The heavy rains that triggered deadly flooding in southeast Kansas Tuesday are being compared to downpours that spawned a killer flash flood on the Kansas Turnpike 15 years ago.
Dennis Clark Catron Sr., 72, and his son, Dennis Clark Catron Jr., 39, were swept off a Montgomery County road at a low-water crossing north of Elk City Lake on County Road 2950, authorities say. Law enforcement officials were notified of the incident shortly after midnight Tuesday after hours of heavy rain.
The National Weather Service in Wichita reported that nearly 9 inches of rain fell at reporting stations in the area, but radar estimated up to 11 inches fell in rural areas with no rain gauges.
“It’s just insane rainfall” amounts, said Andy Kleinsasser, a meteorologist with the weather service.
One storm after another tracked over the same area, which meteorologists call “training” because the thunderstorms seem to be on railroad tracks.
Rainfall rates approached three inches an hour at times and continued for several hours.
A “very tropical air mass” was responsible for the storms, Kleinsasser said.
Most Great Plains thunderstorms surge into the upper atmosphere, producing lots of hail stones as the rain is hoisted so high it freezes. As the hail melts lower in the clouds, Kleinsasser said, it produces big rain drops that then fall to the ground.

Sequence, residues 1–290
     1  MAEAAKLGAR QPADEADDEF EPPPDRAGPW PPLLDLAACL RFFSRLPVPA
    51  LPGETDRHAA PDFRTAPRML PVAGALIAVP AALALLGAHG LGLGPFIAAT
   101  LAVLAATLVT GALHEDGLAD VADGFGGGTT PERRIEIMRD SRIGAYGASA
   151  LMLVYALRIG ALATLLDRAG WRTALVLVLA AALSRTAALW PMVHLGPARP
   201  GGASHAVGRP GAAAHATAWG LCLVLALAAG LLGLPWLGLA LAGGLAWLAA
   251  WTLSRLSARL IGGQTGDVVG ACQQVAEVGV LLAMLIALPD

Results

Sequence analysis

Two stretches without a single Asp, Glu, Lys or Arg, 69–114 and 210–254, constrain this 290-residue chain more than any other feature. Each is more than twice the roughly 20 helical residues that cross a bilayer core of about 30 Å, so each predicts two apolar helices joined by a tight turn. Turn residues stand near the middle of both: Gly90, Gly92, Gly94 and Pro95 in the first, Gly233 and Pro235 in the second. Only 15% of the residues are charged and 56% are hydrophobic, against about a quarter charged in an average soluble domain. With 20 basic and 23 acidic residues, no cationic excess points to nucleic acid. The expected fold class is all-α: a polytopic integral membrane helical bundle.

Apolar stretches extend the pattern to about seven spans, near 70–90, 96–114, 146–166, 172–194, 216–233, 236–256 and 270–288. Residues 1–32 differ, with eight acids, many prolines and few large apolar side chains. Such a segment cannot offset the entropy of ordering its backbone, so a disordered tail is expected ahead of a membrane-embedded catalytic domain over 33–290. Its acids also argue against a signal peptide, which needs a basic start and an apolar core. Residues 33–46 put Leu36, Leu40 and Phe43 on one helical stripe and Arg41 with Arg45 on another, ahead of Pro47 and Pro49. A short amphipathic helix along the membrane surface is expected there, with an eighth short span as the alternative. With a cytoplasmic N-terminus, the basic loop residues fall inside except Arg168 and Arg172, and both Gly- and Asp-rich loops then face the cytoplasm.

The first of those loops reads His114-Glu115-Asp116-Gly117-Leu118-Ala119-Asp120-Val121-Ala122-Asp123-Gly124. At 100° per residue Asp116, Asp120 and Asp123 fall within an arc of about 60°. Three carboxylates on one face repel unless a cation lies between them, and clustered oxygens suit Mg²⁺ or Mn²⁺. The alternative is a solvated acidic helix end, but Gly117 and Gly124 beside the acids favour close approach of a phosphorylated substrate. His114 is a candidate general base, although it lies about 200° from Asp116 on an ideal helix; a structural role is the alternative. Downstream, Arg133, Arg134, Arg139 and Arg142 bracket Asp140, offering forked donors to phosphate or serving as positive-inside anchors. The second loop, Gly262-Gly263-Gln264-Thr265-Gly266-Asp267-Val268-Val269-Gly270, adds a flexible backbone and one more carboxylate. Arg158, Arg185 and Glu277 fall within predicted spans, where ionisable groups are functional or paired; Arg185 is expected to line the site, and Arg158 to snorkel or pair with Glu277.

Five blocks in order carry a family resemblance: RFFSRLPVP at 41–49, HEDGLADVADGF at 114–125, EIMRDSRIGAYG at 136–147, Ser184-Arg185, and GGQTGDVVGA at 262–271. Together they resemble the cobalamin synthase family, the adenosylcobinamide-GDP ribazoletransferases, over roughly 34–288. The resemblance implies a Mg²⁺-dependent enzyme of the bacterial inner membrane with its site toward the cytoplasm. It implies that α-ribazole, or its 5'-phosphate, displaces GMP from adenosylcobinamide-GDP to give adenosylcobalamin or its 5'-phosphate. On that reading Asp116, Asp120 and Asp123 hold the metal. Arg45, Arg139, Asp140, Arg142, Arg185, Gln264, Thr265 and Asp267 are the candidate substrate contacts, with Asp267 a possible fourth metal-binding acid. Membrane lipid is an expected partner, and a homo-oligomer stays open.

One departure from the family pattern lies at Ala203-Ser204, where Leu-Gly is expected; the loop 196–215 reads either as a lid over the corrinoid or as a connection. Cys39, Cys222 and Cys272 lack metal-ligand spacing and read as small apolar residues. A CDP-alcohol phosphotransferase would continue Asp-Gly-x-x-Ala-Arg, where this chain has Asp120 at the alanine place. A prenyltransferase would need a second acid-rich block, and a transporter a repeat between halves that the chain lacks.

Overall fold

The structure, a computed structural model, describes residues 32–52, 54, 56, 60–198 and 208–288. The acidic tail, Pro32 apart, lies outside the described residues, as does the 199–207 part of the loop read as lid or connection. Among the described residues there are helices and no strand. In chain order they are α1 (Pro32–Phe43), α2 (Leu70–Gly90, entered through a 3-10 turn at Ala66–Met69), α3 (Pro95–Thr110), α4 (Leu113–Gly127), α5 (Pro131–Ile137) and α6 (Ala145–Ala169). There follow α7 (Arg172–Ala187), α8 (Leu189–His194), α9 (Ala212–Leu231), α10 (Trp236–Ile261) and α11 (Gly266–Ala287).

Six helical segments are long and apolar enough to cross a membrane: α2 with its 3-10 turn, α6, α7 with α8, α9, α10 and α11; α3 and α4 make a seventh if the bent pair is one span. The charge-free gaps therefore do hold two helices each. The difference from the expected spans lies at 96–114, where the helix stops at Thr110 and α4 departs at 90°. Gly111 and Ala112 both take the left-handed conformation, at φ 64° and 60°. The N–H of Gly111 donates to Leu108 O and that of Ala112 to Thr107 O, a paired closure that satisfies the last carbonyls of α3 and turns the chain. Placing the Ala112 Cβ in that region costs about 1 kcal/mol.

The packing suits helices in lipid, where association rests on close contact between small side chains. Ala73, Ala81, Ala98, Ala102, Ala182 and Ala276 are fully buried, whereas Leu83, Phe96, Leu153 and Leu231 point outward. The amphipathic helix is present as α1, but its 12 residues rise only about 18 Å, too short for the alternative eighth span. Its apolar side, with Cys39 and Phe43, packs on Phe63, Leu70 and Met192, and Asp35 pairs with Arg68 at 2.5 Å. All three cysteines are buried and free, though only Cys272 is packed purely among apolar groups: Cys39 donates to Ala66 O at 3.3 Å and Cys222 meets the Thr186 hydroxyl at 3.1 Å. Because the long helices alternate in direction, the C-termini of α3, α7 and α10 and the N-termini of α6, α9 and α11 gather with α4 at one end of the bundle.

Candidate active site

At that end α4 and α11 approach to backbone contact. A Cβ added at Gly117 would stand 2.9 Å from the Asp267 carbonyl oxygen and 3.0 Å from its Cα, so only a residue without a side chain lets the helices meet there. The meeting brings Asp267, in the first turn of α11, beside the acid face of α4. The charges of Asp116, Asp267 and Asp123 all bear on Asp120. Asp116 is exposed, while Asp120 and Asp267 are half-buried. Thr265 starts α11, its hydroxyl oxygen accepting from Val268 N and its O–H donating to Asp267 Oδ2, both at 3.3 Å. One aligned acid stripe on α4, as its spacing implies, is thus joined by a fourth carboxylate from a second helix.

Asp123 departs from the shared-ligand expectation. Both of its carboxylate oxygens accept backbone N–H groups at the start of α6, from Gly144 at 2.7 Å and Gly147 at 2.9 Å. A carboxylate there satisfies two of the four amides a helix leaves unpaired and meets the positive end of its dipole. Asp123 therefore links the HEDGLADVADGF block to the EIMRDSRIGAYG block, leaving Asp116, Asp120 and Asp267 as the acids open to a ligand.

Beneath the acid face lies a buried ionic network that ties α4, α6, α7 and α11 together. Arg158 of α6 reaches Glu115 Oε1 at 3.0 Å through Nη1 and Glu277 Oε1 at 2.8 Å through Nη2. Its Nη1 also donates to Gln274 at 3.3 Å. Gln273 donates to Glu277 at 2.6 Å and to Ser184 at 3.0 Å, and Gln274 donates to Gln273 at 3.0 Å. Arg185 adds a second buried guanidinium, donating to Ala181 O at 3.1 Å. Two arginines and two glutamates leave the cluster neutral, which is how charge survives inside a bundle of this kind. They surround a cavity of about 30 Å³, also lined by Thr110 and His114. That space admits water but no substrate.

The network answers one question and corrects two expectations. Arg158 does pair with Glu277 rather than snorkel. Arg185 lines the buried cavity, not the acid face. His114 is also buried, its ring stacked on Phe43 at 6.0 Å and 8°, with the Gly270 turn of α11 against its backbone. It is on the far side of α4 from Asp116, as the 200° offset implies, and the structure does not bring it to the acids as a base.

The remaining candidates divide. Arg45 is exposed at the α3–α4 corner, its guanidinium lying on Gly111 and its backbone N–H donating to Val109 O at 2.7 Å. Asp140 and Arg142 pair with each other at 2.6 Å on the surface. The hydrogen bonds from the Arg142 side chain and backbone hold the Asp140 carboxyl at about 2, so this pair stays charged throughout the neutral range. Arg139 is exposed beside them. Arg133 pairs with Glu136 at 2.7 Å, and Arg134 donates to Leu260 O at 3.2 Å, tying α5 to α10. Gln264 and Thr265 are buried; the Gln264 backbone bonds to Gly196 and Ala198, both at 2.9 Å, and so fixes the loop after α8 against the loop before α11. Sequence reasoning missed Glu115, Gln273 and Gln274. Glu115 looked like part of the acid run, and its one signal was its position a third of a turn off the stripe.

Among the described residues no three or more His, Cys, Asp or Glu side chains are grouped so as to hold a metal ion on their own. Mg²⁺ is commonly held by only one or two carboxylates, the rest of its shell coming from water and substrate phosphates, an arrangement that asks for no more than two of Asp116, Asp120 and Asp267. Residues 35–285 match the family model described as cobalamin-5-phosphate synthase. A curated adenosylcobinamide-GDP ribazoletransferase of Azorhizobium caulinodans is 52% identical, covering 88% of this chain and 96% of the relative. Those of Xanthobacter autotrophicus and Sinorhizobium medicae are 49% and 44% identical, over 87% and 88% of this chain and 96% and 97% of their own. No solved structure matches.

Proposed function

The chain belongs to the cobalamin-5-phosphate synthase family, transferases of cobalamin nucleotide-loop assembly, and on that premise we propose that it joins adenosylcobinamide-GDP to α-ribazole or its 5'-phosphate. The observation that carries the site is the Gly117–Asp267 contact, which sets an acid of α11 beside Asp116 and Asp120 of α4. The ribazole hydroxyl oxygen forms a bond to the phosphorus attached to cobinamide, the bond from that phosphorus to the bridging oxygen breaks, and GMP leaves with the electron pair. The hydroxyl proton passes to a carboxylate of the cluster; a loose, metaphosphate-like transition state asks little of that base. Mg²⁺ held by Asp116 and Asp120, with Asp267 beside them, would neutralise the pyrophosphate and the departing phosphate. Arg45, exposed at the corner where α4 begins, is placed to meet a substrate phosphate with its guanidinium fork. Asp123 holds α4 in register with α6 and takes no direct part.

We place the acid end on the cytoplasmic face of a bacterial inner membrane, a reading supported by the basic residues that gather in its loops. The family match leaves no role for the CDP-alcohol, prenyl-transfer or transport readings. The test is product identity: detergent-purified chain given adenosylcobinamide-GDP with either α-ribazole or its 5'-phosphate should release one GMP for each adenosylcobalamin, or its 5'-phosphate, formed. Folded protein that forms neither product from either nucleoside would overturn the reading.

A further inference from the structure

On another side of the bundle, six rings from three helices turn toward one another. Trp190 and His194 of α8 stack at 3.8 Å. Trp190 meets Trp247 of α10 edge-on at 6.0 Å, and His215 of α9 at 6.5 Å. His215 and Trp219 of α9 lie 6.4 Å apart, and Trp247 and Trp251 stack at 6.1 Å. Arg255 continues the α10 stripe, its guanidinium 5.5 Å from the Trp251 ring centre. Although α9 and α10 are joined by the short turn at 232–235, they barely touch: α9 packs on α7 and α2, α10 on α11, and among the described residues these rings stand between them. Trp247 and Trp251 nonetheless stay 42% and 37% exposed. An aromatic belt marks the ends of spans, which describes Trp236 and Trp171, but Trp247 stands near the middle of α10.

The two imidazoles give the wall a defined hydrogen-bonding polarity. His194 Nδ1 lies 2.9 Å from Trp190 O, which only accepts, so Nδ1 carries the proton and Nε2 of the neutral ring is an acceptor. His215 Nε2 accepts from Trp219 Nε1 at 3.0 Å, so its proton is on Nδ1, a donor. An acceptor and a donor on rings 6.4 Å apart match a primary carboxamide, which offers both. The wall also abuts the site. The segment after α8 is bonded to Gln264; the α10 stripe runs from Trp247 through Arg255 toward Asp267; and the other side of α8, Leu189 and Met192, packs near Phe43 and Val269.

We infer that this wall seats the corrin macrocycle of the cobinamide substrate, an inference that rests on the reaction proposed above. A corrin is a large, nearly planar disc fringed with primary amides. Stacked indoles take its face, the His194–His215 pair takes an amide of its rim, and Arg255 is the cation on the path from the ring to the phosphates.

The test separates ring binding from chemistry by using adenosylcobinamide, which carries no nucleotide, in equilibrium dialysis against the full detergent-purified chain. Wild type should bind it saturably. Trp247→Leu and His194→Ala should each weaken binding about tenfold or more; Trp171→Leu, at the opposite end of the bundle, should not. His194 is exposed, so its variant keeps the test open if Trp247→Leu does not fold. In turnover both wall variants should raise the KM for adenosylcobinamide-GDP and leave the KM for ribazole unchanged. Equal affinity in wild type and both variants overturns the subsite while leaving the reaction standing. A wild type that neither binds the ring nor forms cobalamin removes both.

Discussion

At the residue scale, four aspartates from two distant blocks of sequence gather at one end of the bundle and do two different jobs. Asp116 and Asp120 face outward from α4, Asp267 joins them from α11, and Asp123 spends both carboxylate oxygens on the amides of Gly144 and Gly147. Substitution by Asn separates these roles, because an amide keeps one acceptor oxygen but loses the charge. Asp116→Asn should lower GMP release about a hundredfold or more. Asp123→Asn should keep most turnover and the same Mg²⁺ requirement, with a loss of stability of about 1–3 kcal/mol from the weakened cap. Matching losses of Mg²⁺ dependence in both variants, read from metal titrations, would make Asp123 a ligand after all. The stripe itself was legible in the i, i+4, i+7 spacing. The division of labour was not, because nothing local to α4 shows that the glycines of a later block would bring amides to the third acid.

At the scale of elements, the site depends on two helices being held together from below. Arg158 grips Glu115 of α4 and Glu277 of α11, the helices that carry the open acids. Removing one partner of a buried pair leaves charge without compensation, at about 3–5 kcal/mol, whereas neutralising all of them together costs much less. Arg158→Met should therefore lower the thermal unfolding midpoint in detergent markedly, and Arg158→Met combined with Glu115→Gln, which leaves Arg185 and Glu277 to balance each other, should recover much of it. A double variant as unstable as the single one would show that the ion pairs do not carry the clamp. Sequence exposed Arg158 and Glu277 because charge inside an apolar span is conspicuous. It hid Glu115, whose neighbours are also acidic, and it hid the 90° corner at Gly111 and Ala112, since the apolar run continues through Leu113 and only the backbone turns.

Those storms, while more violent, don’t always produce a lot of rain, he said.
Tropical systems like Tuesday’s are more commonly seen on the Gulf Coast.
“They’re very, very efficient” rain producers, Kleinsasser said, because the drops are small and packed closer together.
“Rainfall like that can add up quicker than the big-drop rainfall,” he said.
The southeast Kansas storms on Tuesday were similar to the heavy rains that pummeled the Flint Hills over Labor Day weekend in 2003, Kleinsasser said, spawning a flash flood that killed six people on the Kansas Turnpike.
An estimated 6 to 8 inches of rain fell over a four-hour period near Jacob Creek spanning late Aug. 30 and early Aug. 31, according to an analysis of the event by a team of weather officials. The runoff overwhelmed a drainage culvert and covered the turnpike.
Eventually, pressure from the rising water swept a dozen concrete barriers in the median and more than a half-dozen vehicles into Jacob Creek.
The six people who died included five members of the Rogers family returning to Kansas City from a family wedding in Wichita.
Such slow-moving, tropical air masses that produce heavy rains are not foreign to Kansas, Kleinsasser said.
“They tend to strike in August and September,” just like the 2003 storm, he said.